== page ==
The minimization procedure applied to the Gibbs function G implies the computation of its partial derivatives with respect to ξ j given in Equation (8) and provides the equilibrium condition for the chemical potential μ i (Equation (5)), which is a function of the number of moles n i of the different compounds (Equation (7)).
G ξ j T , P , ξ i j = i = 1 N G n i T , P , n j i n i ξ j ξ k j = 0 with j { 1 , 2 , , R } .
This is, in consistence with Equations (5) and (7) equal to
i N ν i j μ i = 0 with j { 1 , 2 , , R } ,
and states the equilibrium conditions.
Mathematically, chemical equilibrium problems can be classified on the basis of the algorithm used for Gibbs function minimization of the gasification system into stoichiometric and non-stoichiometric formulations. Non-stoichiometric formulations do not use chemical stoichiometry and treat the conservation of mass separately, while stoichiometric formulations use chemical stoichiometry for mass conservation, so that the result is essentially an unconstrained problem [51]. The nonlinear equations resulting from the first-order conditions required for a minimum G at fixed T and P as a function of ξ can be rewritten alternatively to Equations (7) and (9) as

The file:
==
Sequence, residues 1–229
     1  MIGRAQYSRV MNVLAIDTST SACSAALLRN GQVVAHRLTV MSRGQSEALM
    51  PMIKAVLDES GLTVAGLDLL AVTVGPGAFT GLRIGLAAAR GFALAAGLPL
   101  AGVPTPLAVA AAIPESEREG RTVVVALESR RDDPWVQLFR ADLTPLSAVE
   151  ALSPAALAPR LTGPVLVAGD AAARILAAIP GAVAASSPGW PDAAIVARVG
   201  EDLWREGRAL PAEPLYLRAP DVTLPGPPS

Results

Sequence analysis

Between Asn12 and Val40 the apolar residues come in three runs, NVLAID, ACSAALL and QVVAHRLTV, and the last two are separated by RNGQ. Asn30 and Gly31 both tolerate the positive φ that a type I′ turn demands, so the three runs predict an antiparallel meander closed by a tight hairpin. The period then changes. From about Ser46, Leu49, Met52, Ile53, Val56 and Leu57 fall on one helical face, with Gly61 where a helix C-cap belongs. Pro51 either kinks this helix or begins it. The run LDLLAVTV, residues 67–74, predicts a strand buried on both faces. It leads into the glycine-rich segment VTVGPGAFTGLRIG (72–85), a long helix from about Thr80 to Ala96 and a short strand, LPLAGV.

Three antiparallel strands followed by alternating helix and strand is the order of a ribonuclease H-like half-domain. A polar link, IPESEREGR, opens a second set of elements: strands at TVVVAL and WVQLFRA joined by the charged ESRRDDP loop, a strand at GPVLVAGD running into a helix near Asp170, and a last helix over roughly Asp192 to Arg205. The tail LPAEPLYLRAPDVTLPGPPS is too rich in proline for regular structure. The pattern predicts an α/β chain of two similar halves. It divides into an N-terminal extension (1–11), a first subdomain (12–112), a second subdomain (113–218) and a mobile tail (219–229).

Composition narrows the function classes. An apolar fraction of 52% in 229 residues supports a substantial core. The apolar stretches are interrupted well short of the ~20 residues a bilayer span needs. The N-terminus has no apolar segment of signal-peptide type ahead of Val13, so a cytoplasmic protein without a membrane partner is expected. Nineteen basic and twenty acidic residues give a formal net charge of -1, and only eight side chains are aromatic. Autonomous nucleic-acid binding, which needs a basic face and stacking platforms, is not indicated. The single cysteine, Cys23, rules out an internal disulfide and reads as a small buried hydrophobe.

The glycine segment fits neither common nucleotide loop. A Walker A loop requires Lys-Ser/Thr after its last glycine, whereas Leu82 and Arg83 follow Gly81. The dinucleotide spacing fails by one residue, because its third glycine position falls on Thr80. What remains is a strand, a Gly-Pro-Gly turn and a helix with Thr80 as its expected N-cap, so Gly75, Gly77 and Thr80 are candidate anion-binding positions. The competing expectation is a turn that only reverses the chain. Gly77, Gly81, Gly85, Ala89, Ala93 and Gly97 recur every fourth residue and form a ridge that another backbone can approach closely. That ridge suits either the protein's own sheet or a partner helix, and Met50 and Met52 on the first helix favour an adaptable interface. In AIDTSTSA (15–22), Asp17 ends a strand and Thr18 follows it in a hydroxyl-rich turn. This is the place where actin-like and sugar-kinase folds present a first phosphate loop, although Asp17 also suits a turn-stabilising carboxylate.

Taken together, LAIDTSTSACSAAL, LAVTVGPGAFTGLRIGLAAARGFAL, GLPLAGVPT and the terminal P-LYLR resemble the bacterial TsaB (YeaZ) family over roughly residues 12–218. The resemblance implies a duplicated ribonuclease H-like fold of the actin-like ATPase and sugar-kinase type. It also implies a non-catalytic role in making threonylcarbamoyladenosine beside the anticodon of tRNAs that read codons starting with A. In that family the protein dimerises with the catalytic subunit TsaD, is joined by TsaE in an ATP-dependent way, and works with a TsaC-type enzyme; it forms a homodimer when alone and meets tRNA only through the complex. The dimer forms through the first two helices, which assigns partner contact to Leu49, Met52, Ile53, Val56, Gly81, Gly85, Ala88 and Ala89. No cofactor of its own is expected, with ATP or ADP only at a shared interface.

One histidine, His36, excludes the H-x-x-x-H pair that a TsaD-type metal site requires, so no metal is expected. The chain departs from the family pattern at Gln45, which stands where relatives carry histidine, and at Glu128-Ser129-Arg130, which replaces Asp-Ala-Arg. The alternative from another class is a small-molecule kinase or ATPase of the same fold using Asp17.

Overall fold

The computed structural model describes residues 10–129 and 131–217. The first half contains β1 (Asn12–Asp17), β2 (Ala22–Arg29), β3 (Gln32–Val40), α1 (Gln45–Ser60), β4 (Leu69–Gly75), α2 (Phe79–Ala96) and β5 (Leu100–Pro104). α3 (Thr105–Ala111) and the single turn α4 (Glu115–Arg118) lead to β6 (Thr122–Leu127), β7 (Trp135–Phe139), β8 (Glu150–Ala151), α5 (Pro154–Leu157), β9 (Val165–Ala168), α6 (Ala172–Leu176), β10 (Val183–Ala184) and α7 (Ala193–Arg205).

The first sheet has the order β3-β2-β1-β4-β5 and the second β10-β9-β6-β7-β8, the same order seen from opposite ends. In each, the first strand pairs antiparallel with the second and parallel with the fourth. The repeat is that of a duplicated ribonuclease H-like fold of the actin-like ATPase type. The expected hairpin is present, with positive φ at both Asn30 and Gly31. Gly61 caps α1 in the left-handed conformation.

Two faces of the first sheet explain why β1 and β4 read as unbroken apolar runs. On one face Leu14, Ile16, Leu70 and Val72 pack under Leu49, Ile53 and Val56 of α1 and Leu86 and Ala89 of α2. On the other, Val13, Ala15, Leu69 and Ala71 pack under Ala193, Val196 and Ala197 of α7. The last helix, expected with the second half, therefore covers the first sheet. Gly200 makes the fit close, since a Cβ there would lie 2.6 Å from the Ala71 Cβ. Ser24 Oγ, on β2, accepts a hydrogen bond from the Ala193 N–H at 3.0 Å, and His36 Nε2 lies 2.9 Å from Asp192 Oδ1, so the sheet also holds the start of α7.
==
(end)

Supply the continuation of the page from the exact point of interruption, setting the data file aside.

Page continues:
G ξ T , P = 0 .
This equation can be solved by modifying the reaction extent variable ξ by first- and second-order optimization methods. Further improvement has been done by Smith and Missen [48], who developed the Villars-Cruise-Smith (VCS) algorithm, which represents an optimized stoichiometric formulation.